One article on PainSci cites Rannou 2016: Voltaren Gel: Does It Work?
original abstract †Abstracts here may not perfectly match originals, for a variety of technical and practical reasons. Some abstacts are truncated for my purposes here, if they are particularly long-winded and unhelpful. I occasionally add clarifying notes. And I make some minor corrections.
Topical non-steroidal anti-inflammatory drugs (NSAIDs) are recommended in international and national guidelines as an early treatment option for the symptomatic management of knee and hand osteoarthritis (OA), and may be used ahead of oral NSAIDs due to their superior safety profile. The European Society for Clinical and Economic Aspects of Osteoporosis and Osteoarthritis (ESCEO) treatment algorithm recommends topical NSAIDs for knee OA in addition to the pharmacological background of symptomatic slow-acting drugs for osteoarthritis (SYSADOAs) and rescue analgesia with paracetamol and non-pharmacological treatment, if the patient is still symptomatic. Topical NSAIDs have a moderate effect on pain relief, with efficacy similar to that of oral NSAIDs, with the advantage of a better risk:benefit ratio. In real-life studies, topical and oral NSAIDs demonstrate an equivalent effect on knee pain over 1 year of treatment, with fewer adverse events due to lower systemic absorption of topical NSAIDs compared with oral NSAIDs. As a result, topical NSAIDs may be the preferred treatment option, especially in OA patients aged ≥75 years, and those with co-morbidities or at an increased risk of cardiovascular, gastrointestinal, or renal side effects. Furthermore, using topical NSAIDs in inflammatory rheumatic diseases leads to a 40% reduction in the need for concomitant oral NSAIDs. When selecting a topical NSAID, absorption and bioavailability are important because of heterogeneity among topical drug formulations. Molecules like etofenamate have a bioavailability of>20% and evidence for accumulation in synovial tissues, with efficacy demonstrated as improvement in pain and function in real-life studies of OA patients. Diclofenac also shows good efficacy alongside evidence that diclofenac accumulates in the synovium.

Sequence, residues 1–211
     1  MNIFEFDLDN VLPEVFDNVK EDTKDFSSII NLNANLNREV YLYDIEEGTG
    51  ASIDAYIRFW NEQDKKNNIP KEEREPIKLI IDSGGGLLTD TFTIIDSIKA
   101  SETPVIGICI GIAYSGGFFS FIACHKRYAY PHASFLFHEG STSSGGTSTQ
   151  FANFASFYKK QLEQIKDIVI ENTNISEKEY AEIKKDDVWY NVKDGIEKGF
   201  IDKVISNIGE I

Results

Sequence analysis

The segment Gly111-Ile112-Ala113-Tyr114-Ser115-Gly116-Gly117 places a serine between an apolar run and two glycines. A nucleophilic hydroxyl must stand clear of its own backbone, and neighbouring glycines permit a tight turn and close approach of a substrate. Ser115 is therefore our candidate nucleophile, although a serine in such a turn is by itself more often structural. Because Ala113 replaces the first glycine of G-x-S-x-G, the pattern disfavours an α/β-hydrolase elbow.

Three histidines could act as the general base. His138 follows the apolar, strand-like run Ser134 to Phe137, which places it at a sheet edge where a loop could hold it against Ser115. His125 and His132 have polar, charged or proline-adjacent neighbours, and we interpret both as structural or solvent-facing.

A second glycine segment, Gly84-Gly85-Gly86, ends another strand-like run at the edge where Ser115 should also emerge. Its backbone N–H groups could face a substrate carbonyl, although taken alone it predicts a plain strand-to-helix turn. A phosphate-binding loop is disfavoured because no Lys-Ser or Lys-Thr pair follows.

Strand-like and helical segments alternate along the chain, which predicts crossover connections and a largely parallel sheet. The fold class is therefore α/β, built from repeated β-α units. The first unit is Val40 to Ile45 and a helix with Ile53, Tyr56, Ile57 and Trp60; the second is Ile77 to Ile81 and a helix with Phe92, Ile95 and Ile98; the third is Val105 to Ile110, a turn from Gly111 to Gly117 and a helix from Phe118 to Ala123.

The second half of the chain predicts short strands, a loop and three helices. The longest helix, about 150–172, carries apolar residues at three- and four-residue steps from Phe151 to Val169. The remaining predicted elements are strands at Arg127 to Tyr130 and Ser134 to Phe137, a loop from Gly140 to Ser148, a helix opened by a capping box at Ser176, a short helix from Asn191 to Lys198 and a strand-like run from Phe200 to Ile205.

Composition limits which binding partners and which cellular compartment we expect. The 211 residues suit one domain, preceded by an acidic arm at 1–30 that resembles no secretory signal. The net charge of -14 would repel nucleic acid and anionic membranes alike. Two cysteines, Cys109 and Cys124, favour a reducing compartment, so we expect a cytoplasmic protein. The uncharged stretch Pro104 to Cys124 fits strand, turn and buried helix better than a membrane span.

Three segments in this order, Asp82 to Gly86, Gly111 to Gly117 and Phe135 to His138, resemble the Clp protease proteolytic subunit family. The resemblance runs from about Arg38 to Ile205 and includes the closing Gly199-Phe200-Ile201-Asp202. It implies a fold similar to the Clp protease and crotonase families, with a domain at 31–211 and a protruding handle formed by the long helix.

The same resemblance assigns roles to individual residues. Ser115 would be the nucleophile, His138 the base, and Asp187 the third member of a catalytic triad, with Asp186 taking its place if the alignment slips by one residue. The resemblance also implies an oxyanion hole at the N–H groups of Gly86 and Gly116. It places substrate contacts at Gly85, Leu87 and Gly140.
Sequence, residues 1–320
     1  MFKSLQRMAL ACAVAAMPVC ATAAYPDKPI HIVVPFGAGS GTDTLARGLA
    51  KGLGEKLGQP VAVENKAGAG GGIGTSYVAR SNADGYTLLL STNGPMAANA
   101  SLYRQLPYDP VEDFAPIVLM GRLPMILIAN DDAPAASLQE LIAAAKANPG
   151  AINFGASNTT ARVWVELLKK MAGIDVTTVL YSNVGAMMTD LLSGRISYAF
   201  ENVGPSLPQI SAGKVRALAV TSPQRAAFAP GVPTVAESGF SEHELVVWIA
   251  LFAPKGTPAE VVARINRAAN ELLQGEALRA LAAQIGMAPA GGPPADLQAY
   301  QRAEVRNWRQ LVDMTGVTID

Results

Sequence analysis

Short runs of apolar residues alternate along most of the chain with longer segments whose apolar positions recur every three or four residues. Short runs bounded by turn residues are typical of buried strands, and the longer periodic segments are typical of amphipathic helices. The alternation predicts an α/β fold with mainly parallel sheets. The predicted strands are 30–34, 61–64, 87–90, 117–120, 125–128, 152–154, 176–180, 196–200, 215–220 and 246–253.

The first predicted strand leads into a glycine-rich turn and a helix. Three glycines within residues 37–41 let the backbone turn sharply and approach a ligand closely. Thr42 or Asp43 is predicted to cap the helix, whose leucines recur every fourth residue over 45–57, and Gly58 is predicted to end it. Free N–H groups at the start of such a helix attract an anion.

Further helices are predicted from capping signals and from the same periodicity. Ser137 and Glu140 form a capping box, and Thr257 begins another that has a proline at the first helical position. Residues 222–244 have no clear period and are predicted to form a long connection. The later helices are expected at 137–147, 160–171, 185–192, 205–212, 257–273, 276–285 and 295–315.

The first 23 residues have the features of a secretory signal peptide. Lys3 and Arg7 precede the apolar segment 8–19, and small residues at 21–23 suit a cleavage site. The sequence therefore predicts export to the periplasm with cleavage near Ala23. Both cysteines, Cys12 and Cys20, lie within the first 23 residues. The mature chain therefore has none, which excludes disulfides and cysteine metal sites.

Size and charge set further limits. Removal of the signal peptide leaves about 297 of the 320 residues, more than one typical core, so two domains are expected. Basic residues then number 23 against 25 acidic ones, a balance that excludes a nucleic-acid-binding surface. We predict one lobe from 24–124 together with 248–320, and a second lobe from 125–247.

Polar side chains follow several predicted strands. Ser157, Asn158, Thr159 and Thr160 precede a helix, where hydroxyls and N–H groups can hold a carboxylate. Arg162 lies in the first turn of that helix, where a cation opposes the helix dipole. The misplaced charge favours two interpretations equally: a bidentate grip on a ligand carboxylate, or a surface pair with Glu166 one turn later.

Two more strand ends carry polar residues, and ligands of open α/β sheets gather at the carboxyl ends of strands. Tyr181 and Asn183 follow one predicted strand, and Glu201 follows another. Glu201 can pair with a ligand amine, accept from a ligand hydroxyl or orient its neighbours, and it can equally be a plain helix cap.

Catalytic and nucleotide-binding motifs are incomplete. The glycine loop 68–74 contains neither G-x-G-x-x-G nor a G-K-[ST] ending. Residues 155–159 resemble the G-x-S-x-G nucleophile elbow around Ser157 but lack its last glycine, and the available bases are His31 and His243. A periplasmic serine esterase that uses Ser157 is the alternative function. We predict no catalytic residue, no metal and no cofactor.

- “Topical diclofenac therapy for osteoarthritis: a meta-analysis of randomized controlled trials,” Zhen-Han Deng, Chao Zeng, Ye Yang, Yu-Sheng Li, Jie Wei, Tuo Yang, Hui Li, and Guang-Hua Lei, Clin Rheumatol, 2016.
- “Relative efficacy and safety of topical non-steroidal anti-inflammatory drugs for osteoarthritis: a systematic review and network meta-analysis of randomised controlled trials and observational studies,” Chao Zeng, Jie Wei, Monica S M Persson, Aliya Sarmanova, Michael Doherty, Dongxing Xie, YiLun Wang, Xiaoxiao Li, Jiatian Li, Huizhong Long, Guanghua Lei, and Weiya Zhang, British Journal of Sports Medicine, 2018.
This page is part of the PainScience BIBLIOGRAPHY, which contains plain language summaries of thousands of scientific papers & others sources. It’s like a highly specialized blog. A few highlights:
- Photobiomodulation therapy is not better than placebo in patients with chronic nonspecific low back pain: a randomised placebo-controlled trial. Guimarães 2021 Pain.
- No effect of creatine monohydrate supplementation on inflammatory and cartilage degradation biomarkers in individuals with knee osteoarthritis. Cornish 2018 Nutr Res.
- The CANBACK trial: a randomised, controlled clinical trial of oral cannabidiol for people presenting to the emergency department with acute low back pain. Bebee 2021 Med J Aust.
- Relationships Between Sleep Quality and Pain-Related Factors for People with Chronic Low Back Pain: Tests of Reciprocal and Time of Day Effects. Gerhart 2017 Ann Behav Med.
- Modulation in the elastic properties of gastrocnemius muscle heads in individuals with plantar fasciitis and its relationship with pain. Zhou 2020 Sci Rep.